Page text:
Some of these differences were apparent to me the first time I played one. Others took me some time to rationalize. I love my Standard ‘50s. It’s a great guitar that I pick up frequently even when I own a R9. However, R9 feels like it was tailored to me. It feels so easy to play that it almost feels like cheating. Since the first time I played it last year, the guitar felt familiar it was as if it had been with me for at least a decade.
 

BDW60

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I agree that the in-hand playing feel is probably the most notable practical difference between historics and USA. It’s obvious, to me anyway. And weight. Too many USA guitars are heavier than I would ever consider owning.

The other things are down to preference, priorities, budget. There are lots of great LPs out there at every price point.
 

PauloQS

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I agree that the in-hand playing feel is probably the most notable practical difference between historics and USA. It’s obvious, to me anyway. And weight. Too many USA guitars are heavier than I would ever consider owning.

The other things are down to preference, priorities, budget. There are lots of great LPs out there at every price point.

Regarding weight, I’ve noticed that some of the Slash Standards are in the same ballpark as R9s. For instance, my Slash Standard is marginally lighter than my R9 and I’ve even encountered some that get almost into featherweight territory. I believe I saw a 8.1lbs once listed at Wildwoods.
 

JohnnyPhatsaqs

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Alright, so my 2019 50s Standard Tobacco is 8.4 pounds. What is the rough weight of an R9?
 

PauloQS

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Alright, so my 2019 50s Standard Tobacco is 8.4 pounds. What is the rough weight of an R9?

That’s less than my R9. I haven’t actually collected data on the weight of R9s. From what I’ve seen my guess would be an average around 8.7lbs, which is what my Slash Standard weighs. My Standard ‘50s is 9lbs exactly. My R9 is 8.75lbs. So yeah, 8.4 is light even for an R9. Not the lightest, though, for I’ve seen some R9 weighing less than 8lbs.
 

jbash

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Very good summary. There is something about the "aged" feel and look of the Historics that the USA Standards just cannot compare to. Same guitars in the grand scheme of things , but very different in hand.

For years I have longed for the one that got away (had to sell it) - a killer 2005 R8, that I've never felt any guitar I've handled since measured up even remotely. Not 3K PRS or Hamers, no other Gibson Les Paul USA models, not my 4K Dean Custom shop (all long gone). Fair or not comparisons, that R8 was my benchmark, and nothing lived up to the way that guitar played or it's fantastic tone....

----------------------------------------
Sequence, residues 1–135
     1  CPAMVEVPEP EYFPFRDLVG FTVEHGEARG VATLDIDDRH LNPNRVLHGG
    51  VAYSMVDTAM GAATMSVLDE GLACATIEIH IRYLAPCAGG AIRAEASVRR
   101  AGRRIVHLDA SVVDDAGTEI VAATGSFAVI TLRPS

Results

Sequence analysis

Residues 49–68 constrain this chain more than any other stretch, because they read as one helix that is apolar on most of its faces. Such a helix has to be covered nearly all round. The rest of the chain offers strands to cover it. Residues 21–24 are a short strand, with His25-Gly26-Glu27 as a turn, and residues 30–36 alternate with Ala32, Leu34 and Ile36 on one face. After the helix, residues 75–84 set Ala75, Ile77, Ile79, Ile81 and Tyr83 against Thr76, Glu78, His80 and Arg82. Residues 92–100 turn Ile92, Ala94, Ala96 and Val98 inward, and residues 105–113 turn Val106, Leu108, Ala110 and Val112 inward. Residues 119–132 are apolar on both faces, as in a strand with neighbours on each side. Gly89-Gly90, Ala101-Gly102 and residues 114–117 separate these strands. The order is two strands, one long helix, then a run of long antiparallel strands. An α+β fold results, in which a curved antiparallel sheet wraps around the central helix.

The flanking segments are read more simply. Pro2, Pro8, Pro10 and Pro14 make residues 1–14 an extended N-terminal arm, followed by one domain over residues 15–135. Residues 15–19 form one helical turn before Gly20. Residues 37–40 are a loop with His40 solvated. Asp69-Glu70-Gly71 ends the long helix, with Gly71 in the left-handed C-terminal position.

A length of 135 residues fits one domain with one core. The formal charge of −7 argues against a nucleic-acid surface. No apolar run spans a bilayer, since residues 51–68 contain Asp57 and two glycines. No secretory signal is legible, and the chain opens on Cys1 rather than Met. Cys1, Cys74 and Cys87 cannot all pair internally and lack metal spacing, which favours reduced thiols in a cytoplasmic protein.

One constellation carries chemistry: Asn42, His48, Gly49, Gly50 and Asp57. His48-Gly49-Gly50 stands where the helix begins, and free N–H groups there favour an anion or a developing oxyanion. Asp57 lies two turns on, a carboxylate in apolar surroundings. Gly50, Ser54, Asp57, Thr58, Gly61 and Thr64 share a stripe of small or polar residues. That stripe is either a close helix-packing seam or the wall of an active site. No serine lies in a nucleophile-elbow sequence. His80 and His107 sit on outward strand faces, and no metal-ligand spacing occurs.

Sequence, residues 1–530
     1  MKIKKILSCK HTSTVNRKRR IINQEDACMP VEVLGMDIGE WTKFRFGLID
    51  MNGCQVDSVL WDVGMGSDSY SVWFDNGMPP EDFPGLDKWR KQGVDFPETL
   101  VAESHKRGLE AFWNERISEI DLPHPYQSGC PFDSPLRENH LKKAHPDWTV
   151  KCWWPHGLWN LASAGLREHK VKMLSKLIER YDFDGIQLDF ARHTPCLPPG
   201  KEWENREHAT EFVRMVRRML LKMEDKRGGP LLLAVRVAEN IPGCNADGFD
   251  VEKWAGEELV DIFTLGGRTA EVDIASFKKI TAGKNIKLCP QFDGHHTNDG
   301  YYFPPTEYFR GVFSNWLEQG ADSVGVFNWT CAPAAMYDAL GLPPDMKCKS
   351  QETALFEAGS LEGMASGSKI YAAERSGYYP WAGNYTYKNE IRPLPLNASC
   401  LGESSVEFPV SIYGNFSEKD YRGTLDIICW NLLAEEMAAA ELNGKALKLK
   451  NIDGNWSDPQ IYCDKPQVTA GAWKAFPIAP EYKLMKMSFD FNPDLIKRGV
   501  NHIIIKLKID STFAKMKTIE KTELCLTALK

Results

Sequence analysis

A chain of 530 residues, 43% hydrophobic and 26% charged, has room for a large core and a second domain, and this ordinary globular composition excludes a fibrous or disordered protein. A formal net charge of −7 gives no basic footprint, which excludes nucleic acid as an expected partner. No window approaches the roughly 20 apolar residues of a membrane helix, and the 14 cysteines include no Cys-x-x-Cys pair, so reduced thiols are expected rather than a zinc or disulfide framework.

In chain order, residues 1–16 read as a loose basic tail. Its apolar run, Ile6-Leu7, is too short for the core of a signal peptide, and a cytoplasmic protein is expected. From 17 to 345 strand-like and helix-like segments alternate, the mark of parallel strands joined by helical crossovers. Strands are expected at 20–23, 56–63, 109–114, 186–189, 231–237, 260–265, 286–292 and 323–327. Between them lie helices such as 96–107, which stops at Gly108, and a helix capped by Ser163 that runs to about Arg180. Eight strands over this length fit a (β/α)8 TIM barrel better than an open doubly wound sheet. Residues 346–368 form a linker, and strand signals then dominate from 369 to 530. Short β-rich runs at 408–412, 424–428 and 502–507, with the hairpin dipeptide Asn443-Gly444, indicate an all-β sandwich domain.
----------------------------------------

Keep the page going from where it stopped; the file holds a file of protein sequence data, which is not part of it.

Until recently. Online, I picked up a Slash 50s Standard based on weight and some pictures and prayed for "a good one". :bowdown It weighs in @ 8Lb 12 oz. Honeymoon is over and for the first time in 15 years I don't feel like I'm missing out from that R8. I lucked out and got one that just sounds enormous and powerful and sweet and plays fantastic, no matter what pickups I throw into it. No, It doesn't feel like a historic or ooze that 50s styling, but at the same time it has a certain intangible quality to it not evident in any of my Henry J guitars of the past 20 years except for the Historic line. It's a noticeable step up.

Has The New Gibson shrunk the gap between top dollar USAs and Historic/Custom Shop guitars? In Henry J days, there was a marked difference between the USA trad/standard lineup and the Historics. I have handled some good ones, real good ones, but never have I handled a previous USA Standard/Trad that compared to any off the shelf R7/R8/R9/R0. Anecdotal evidence is all I have, but I wonder...
 

jaycoyoyo

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I find this question come up a lot and I thought it would be helpful share my thoughts as someone who owns both. Since, my R9 is a 60th Anniversary from 2019 and because the Standard '50s and the 60th Anniversary came out in the same year, I'm taking the 60th Anniversary R9 as benchmark reference. I'll divide this into two section. One section listing things that affect how the instrument feel and another section devoted to cosmetic and other aspect not directly related to feel. I'll try my best to avoid the controversy of what affects tone. Another important thing I want to mention is that this is not intended to be a comprehensive list, but please feel free to add to it. I think this can be a good resource for some people given how often this question pops up.

Things that affect how the guitar feels: Neck shape, fret shape, finish, bridge and binding.

  • My Standard ‘50s, Slash Standard and 60th Anniversary R9 have very similar depths at the 1st and 12th based on my caliper measurements. However, the R9 feels like has a bit less shoulders. Both are technically a C with reduced shoulders, but the R9 just feels to have a bit less shoulders.
  • I’ve also measured the frets on these guitars. Both Standard '50 and R9 had exact same width and height frets. However, the R9 has a bit more rounded profile frets, which gives it a more played in feel to the guitar. I don’t notice it so much going from the Standard ‘50s to the R9. However, going from the R9 to the Standard ‘50s is very noticeable, especially after longer periods of time.
  • As for the bridge I’m not referring to the studs, which are mounted differently (more on that later), but the actual bridge. The one on the R9 have rounded edges and the saddles are also rounded a bit. As a result it feels more comfortable to on your picking hand. I often forget this detail because I rounded the edge of the bass side of the bridge on my Standard ‘50s.
  • The finish on the R9 feels more played in. New it doesn’t smell as strong and feels considerably thinner without seeming weak. These newer VOS is very smooth, almost satin like, and not at all sticky.